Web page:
Professor Jeanne Marie Laskas was nominated for a 2008 National Magazine Award for “Underworld,” an article on coal mining that originally appeared in GQ.
Professor Dawn Lundy Martin was announced as a finalist for a Lambda Literary Award for her book A Gathering of Matter/A Matter of Gathering.
Current MFA student Laurie Koozer has a short story, “Hillcrest Valley Parade,” in the Autumn 2008 issue of The Fourth River, Chatham University’s literary journal.
Sam MacDonald’s book, The Urban Hermit, snagged a feature review in the LA Times.
Robyn Murphy (MFA 2007) was selected as one of seventeen finalists for this year’s Flannery O’Connor Award for Short Fiction. Her short story “Hungry Ghost” will appear in the January 2009 issue of the New Orleans Review.
Brendan Kerr’s (MFA 2007) “The Sunbather” won second place in the Wordstock 10 Short Fiction competition.
As one of the oldest writing programs in the United States, the Writing Program at the University of Pittsburgh has an excellent record of not only producing talented creative writers but also developing the writing skills of undergraduates who go on to work in a variety of professions, including journalism, law, and publishing.
We created the Minor in response to a number of students saying they were passionately interested in writing but their main major required too much of a commitment for them to take on a second major. The Minor in Creative Writing fulfills a need that is different from the certificate in Public and Professional Writing, with its particular focus on writing in business, nonprofit, government, and legal environments, and the Writing Major, which requires a more substantial commitment of time and study.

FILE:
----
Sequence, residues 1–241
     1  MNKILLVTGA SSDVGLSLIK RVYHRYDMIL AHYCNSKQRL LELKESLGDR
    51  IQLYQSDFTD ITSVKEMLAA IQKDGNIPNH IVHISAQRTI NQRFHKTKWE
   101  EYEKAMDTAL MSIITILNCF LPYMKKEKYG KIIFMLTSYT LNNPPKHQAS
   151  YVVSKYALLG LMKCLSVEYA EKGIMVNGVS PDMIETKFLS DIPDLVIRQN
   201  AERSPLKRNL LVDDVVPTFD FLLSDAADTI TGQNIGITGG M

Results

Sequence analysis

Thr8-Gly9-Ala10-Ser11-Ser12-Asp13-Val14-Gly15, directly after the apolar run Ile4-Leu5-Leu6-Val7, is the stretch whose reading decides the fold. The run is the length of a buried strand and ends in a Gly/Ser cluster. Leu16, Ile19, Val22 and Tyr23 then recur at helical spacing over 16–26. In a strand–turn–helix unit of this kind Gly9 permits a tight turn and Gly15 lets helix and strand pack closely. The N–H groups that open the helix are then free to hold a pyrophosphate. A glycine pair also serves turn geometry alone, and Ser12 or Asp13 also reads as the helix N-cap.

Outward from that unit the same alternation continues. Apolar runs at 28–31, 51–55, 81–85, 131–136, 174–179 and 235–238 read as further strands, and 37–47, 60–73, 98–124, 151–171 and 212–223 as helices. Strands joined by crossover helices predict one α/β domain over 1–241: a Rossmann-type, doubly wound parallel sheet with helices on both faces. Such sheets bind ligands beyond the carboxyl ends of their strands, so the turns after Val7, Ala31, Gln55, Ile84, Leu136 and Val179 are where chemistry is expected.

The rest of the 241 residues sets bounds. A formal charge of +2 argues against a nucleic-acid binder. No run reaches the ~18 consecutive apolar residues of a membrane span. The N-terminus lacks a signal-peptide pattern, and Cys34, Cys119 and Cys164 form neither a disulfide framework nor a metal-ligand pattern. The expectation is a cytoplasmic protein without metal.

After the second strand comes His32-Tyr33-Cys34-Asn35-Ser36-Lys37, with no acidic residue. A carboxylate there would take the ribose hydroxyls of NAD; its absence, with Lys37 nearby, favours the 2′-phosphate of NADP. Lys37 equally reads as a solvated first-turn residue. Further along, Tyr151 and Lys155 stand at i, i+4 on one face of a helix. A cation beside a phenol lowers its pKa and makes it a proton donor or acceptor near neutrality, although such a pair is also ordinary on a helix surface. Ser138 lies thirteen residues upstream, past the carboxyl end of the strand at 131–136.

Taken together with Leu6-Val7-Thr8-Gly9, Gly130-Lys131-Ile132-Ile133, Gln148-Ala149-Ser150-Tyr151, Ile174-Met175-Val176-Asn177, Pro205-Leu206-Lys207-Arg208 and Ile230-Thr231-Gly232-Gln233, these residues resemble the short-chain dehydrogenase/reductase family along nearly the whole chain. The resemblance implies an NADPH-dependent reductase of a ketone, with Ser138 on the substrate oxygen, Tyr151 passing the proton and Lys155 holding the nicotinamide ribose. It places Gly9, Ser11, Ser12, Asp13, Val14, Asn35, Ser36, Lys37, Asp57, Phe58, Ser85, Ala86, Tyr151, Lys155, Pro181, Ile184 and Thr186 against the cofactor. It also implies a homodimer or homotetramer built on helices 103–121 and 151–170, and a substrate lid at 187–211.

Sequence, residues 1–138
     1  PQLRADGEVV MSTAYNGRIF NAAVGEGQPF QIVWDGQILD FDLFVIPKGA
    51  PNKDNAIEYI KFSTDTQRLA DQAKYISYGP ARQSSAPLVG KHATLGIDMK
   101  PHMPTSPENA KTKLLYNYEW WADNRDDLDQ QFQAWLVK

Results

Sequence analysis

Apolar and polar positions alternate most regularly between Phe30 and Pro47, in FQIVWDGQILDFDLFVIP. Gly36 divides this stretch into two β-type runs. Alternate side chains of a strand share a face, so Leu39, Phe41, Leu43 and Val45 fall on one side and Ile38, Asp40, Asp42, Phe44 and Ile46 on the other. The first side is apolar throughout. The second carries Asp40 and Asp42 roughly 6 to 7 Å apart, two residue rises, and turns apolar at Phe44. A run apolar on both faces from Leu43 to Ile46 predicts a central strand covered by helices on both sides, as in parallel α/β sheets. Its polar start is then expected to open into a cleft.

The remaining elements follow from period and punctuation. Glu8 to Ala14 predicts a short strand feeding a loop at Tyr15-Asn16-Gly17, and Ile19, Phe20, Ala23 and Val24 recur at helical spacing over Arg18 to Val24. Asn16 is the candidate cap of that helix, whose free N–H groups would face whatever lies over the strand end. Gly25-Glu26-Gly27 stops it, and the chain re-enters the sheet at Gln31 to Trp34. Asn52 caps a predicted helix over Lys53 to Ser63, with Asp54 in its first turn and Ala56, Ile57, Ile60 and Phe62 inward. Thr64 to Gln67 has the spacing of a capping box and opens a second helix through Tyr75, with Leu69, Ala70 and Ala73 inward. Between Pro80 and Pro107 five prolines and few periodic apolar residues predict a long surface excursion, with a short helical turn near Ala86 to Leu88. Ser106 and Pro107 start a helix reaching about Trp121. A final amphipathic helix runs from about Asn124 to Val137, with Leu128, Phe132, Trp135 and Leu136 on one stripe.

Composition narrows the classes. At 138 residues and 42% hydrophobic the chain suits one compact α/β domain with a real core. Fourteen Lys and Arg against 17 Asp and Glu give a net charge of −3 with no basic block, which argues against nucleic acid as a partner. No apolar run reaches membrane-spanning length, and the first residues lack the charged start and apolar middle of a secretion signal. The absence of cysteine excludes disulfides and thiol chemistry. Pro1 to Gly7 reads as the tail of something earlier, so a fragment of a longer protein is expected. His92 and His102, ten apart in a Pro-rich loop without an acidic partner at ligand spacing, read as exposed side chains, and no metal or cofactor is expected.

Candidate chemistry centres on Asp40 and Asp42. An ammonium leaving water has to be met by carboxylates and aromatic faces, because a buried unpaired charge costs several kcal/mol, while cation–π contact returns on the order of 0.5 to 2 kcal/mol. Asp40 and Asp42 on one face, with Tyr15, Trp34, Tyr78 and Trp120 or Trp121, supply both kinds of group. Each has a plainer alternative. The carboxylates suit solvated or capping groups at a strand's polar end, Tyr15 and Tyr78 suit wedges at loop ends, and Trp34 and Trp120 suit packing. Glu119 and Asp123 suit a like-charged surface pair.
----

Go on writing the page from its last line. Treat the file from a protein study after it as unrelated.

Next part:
We know from many different sources (CEOs, personnel and graduate school committees) that those students who write well, no matter what their major might be, are the students who get noticed by employers. The kind of self-examination that the practice of writing encourages, as well as the ability to organize information into narrative, expressive and communicative forms, will always make candidates stand out. We hope, as a side effect, to also attract students who might want to work at the intersections of, say, Neuroscience and the Humanities, or students who want to think about and articulate the kind of complex relationships a more connected world creates.
Visiting Lecturer CM Burroughs (MFA 2007) has been named a finalist for the 2009 Gift of Freedom, a gift of $50,000 sponsored by the Room of Her Own Foundation. Burroughs is happily one of five finalists from 760 applications. Also, she has new poetry in the upcoming issue of jubilat. You may read other of her new poems at Eleven Eleven Journal and LaFovea..